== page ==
Americans create 25% more waste between Thanksgiving and New Year’s Day than at any other time of the year, according to Stanford University.
Between decorations, gifts and cards, sustainability experts like Merleanne Rampale in Lake County are sharing tips on how to reduce and reuse this season to make your Christmas a bit greener.
Rampale, the education director at the Solid Waste Agency of Lake County, gives presentations to community and municipal organizations across the county about how to be more environmentally conscious for the holidays — sharing tips on how to reduce waste, recycle different materials and give more eco-friendly gifts.
She starts every one of her presentations with a quote from her hero, Jane Goodall: “You cannot get through a single day without having an impact on the world around you. What you do makes a difference, and you have to decide what kind of difference you want to make.”
Rampale likes to challenge people to make their holidays as plastic-free as possible, starting with wrapping paper.
According to DuPage County-based environmental education nonprofit SCARCE, traditional wrapping paper typically is not recyclable. That’s because it has a plastic laminate or non-paper additive that can’t be separated from the paper at recycling facilities.
For recyclable alternatives, you can buy paper wrapping or use material that you already have around the house: craft paper, maps, calendars, newspapers, paper bags and crossword puzzles.
Another option is reusable bags that can be regifted, or even a reusable tote bag that can be part of the gift.
Environmental advocates shared similar tips about holiday cards. Cards are recyclable only if they consist of just paper — glitter, electronics or ribbons will get your cards sent to the landfill.
Rather than buying new decorations, you can also take the DIY route when sprucing up your home with eco- and family-friendly holiday crafts, such as popcorn tree garlands, dried citrus garlands, origami stars and paper snowflakes.
Christmas lights used for decoration involve massive amounts of electricity consumption each holiday season. By switching to LED lighting, you can use up to 80-90% less energy. Other helpful habits include reducing the size of your light display, and making sure your tree and outdoor lights are off after bedtime.
As for that one string of lights that always comes up broken each year, rather than tossing it in the garbage, you can drop it off at a local recycling center. SCARCE, in Addison, accepts working and nonworking holiday lights year-round.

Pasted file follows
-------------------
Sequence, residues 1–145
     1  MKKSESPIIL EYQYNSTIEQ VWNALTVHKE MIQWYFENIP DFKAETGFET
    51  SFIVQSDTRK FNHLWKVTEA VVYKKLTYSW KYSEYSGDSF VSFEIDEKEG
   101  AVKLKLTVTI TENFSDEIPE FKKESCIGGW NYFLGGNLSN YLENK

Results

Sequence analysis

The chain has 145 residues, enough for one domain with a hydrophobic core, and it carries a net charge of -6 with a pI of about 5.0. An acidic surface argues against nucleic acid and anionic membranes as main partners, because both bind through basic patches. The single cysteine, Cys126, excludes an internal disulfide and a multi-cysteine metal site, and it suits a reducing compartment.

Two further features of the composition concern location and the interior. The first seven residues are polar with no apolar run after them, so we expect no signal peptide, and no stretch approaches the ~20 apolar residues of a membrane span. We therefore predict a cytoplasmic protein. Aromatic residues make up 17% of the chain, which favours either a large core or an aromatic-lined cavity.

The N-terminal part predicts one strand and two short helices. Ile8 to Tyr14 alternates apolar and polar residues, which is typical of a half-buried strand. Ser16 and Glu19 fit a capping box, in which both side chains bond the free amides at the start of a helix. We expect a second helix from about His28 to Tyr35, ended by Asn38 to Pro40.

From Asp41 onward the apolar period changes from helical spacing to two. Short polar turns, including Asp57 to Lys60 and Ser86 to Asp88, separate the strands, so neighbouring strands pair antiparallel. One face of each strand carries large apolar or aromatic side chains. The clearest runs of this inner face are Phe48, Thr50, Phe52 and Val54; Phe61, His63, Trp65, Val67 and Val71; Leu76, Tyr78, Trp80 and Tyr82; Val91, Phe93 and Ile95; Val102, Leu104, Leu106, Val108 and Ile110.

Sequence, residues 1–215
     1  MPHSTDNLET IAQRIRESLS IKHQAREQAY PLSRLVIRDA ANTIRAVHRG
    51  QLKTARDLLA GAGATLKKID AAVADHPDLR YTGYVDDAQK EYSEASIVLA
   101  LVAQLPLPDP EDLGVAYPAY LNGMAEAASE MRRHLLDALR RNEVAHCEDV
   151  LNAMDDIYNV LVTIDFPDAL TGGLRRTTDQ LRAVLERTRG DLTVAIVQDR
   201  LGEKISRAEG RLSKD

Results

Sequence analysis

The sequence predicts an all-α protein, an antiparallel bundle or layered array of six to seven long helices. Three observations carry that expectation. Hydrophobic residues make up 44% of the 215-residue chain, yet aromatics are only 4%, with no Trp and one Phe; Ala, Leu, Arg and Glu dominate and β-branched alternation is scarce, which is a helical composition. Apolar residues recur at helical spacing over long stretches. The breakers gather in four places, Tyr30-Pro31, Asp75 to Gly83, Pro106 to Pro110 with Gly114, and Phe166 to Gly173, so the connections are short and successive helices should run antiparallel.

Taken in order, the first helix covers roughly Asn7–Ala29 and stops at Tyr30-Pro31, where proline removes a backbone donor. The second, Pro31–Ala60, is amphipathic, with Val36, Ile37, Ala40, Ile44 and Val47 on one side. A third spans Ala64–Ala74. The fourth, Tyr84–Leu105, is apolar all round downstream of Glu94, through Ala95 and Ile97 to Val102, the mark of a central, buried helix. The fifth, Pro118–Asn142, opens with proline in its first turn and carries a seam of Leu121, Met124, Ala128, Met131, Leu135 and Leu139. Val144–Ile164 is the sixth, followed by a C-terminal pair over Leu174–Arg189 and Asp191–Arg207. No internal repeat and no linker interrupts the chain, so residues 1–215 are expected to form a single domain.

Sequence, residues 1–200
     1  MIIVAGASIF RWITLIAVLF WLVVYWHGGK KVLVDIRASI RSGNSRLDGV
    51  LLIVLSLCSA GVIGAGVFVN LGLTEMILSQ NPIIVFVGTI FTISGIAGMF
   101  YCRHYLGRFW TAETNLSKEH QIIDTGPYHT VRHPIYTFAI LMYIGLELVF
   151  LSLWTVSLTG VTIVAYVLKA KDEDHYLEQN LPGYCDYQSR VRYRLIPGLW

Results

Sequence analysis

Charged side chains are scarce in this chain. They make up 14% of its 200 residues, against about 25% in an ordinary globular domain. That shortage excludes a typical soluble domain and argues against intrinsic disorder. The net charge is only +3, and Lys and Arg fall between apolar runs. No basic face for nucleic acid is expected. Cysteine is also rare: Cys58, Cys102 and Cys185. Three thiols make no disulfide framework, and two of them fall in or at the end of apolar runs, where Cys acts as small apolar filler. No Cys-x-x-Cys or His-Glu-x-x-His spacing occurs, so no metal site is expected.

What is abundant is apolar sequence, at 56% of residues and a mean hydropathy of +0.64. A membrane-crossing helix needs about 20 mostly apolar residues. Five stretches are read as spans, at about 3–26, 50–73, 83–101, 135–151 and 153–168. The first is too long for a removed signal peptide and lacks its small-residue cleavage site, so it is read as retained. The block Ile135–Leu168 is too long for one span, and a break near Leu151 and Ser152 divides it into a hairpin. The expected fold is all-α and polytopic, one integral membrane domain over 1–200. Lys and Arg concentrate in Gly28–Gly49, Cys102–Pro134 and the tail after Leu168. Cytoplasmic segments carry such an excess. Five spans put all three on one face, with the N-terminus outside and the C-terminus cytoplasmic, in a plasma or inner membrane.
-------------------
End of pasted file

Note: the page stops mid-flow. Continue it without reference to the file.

When choosing your Christmas tree, environmentalists say locally sourced, real trees are the greenest choice. For those who prefer fake trees, experts encourage keeping them for as long as possible to help offset their emissions.
Kay McKeen, SCARCE founder and executive director, said families should think about gifts that also can help the environment, such as rain barrels, compost bins, battery-powered yard equipment, lead-free garden hoses and supplies such as raised garden planters.
McKeen added, gifts of experience are great options that also cut down on material waste: You can send your friends and family to restaurants, museums, concerts, sporting events, activities or even classes to develop a new skill or hobby, such as a cooking or pottery class.
When shopping for children’s toys, Rampale said people can consider toys without batteries or without plastic, such as quality wooden toys that will last a long time.
Other eco-friendly presents are clothes, bags, notebooks and other gifts made from recycled materials. Locally sourced gifts such as wine from nearby wineries cut down on transportation while supporting community businesses.
As we near New Year’s Day, Rampale encouraged people to start thinking about green resolutions, such as using reusable bags at the grocery store, going meatless for one day a week and starting composting.
“Even with just a tiny little bit of thought, I think we can greatly reduce the amount of waste and the toxins and the impact on the planet. More and more people are becoming aware of the different effects that we have and how really this planet is fairly small,” Rampale said. “It’s all connected. You can impact something that’s going on in another part of the world by a small decision you make here.”
• Jenny Whidden is a Report For America corps member covering climate change and the environment for the Daily Herald. To help support her work with a tax-deductible donation, see dailyherald.com/rfa.